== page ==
What is Crowdsourcing? | A Brief Definition & Overview


Crowdsourcing is a somewhat self-explanatory term, but knowing the meaning of the two words that makeup the term (crowd and sourcing) does not really explain what it actually means. Looking at the word, one might be able to gather that crowdsourcing means sourcing (or gathering) something from a crowd or group, or that it deals with outsourcing, which is ultimately correct. However, it is a little more specific than that. Crowdsourcing is a sort of tactic that companies can use (though it is not limited solely to company use) to supplement tasks that would normally be dealt with in-house. Among some of these tasks: idea/brainstorming, software and product solutions, to research and development strategies.

While open-source tactics have been used for years in the tech industry, the arrival of blogs, social media, and greater numbers of consumers on the Internet, crowdsourcing has become easier to carry out. It has also become easier to gather larger crowds for more input. All the feedback, ideas, and solutions that consumers have to offer can be economically smart as well as a smart tool to use to generate publicity and PR. BNet put it beautifully: "The idea of soliciting customer input is hardly new, of course, and the open-source software movement showed that it can be done with large numbers of people. The difference is that today's technology makes it possible to enlist ever-larger numbers of non-technical people to do ever-more complex and creative tasks, at significantly reduced cost."

Here's (briefly) how it works:

A company defines a problem they need a solution for. Depending on the severity of the issue and whether or not s sort of 'prize' needs to be offered, companies can opt to use a social media tool to implement the open-source call for help. For example, companies can use Facebook, MySpace, Twitter, and LinkedIn, among other tools such as a forum, email, or a wiki. They then ask for help, and hope for some responses. Consumers or people who are simply looking to release some of their creative energy can give ideas, help create programs, or offer solutions, among other things. Companies can offer a cash prize for a program or solution they implement, or can offer some sort of advertising for the solution creator. It really depends on the company and what sort of solution they are hoping for in terms of quality, timeliness, and range of submissions.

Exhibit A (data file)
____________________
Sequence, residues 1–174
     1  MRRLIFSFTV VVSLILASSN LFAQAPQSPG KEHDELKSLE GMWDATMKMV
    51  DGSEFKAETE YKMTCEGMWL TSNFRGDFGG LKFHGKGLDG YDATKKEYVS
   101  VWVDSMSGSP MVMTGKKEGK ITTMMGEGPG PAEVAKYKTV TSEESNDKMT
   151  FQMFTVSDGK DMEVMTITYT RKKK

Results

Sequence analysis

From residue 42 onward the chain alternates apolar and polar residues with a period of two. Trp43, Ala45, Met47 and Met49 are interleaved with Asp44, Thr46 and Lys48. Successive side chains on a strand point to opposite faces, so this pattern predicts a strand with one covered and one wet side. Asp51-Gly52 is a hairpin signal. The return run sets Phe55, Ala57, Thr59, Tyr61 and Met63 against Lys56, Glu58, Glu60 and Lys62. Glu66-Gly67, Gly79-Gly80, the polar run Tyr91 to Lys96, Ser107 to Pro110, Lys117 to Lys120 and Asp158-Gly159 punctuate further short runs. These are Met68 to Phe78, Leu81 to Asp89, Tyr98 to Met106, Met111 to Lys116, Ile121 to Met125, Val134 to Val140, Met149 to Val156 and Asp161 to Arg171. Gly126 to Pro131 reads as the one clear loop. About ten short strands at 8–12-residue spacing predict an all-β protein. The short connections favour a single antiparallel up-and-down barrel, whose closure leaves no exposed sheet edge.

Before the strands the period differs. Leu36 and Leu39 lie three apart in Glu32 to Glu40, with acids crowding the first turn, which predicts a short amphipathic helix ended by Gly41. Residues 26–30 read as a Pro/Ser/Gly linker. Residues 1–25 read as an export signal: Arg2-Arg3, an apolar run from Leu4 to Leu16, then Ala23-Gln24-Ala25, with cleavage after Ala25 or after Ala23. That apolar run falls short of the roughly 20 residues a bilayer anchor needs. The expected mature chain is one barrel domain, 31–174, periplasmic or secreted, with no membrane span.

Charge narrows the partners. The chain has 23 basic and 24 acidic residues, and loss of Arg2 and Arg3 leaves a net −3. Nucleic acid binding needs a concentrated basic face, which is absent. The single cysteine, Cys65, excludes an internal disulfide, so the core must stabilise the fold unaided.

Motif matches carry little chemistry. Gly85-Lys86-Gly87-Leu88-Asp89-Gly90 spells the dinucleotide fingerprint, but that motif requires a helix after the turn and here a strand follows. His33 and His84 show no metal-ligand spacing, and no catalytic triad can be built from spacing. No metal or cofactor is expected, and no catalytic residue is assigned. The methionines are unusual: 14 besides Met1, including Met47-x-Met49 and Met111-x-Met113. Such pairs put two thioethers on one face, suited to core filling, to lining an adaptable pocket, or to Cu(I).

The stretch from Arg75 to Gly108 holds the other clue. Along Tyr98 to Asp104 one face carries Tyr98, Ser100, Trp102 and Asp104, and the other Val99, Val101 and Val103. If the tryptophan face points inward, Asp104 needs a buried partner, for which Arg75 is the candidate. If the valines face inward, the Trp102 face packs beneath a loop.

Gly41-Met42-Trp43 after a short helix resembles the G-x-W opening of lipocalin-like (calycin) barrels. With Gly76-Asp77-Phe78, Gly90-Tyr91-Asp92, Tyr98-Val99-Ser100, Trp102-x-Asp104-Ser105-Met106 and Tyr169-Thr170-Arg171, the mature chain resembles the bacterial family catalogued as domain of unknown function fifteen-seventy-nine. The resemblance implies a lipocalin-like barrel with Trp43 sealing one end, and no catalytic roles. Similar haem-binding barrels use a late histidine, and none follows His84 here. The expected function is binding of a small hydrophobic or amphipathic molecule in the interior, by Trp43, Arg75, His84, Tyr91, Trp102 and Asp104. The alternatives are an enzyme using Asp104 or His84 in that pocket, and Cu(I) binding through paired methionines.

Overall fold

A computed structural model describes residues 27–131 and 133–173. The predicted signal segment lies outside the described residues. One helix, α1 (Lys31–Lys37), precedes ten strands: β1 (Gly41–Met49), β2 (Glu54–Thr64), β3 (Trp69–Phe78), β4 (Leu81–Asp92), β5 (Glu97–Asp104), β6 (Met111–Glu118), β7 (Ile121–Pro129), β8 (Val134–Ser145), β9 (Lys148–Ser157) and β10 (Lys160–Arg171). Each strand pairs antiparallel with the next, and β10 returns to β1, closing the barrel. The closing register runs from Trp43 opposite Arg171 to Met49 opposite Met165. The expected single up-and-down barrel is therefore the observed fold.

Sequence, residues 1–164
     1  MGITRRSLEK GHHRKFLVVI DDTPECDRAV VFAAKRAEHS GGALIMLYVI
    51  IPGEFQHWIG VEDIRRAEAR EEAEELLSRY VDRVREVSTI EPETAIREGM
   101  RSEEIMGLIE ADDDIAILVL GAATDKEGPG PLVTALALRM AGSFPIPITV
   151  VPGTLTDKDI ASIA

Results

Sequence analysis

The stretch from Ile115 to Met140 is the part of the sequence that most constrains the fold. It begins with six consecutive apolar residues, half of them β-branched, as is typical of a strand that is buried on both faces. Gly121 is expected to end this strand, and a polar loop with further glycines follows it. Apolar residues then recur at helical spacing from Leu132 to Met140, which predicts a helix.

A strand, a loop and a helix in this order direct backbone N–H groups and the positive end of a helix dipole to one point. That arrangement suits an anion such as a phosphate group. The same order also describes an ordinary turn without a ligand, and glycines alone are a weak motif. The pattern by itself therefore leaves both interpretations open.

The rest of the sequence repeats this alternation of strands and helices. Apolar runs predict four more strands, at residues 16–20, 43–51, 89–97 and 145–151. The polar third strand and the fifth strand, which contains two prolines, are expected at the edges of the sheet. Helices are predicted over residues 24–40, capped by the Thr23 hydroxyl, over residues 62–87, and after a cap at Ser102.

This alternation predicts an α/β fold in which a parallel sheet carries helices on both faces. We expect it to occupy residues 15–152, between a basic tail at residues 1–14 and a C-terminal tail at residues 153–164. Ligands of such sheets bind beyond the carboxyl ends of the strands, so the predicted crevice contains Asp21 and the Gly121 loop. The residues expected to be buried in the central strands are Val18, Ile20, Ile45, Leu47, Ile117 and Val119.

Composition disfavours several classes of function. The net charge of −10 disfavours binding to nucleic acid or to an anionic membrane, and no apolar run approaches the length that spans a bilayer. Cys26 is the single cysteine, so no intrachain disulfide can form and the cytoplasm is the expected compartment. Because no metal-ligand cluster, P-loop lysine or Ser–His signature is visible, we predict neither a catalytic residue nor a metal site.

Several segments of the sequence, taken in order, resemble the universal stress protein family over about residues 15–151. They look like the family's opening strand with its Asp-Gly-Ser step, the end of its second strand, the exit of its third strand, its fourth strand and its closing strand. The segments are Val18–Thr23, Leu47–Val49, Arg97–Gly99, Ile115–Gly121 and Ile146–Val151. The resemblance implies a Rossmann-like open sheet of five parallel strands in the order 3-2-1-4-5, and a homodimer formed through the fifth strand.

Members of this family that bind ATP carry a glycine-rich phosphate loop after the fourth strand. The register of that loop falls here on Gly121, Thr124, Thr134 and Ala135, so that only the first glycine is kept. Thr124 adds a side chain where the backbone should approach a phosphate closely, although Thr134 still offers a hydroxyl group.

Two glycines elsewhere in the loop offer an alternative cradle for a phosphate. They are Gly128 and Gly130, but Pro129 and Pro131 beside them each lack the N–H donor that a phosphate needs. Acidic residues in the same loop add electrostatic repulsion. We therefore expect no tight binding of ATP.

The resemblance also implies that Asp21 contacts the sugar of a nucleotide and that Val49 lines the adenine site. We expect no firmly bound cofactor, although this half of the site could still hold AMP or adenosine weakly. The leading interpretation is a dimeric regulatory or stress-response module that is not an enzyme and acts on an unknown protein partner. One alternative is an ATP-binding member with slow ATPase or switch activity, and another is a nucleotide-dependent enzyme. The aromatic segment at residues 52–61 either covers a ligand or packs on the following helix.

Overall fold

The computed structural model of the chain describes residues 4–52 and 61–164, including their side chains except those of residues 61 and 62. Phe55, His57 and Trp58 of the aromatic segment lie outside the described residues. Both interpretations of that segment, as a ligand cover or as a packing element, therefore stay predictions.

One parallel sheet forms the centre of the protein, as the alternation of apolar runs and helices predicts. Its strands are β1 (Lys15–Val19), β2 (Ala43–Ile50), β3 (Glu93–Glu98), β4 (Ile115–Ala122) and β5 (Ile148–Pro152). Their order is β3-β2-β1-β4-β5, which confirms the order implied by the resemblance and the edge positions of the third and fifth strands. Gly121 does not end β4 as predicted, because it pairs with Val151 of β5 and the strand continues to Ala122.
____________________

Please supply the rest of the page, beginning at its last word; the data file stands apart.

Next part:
Some pros: This method of 'sourcing' can save significant amounts of money, time, and other resources. Research and design can take time; with crowdsourcing, information that would normally take much longer through surveys, focus groups, and other marketing materials can be offered, for free, from people who are passionate about your product or company. This can create a stronger sense of belonging where consumers can say they were a part of a new product release or a new venture. Having others who are not employed by the company can also save resources and increase productivity. Furthermore, when you are able to get many, many minds together, ideas and creativity can really flow. This is a great way to increase the pool companies can take talent from, without having to hire new employees.

Some cons: These people that participate are not employed by you. As such, you are not able to really control them. There is a risk of releasing some important information for a crowdsourcing project that may result in a crisis for the company. Ensure that things that can (and really should) be done internally are kept that way.

To expand on that, BNet again comes to my aid: "Indeed, while they may not ask for cash or in-kind products, participants will seek compensation in the form of satisfaction, recognition, and freedom. They will also demand time, attention, patience, good listening skills, transparency, and honesty. For traditional top-down organizations, this shift in management culture may prove difficult."

So while contributors may not require a monetary compensation, this sort of outsourcing can require a lot of time and effort. No matter how big or small, it seems crowdsourcing can help get some ideas on the table and perhaps even find a solution.

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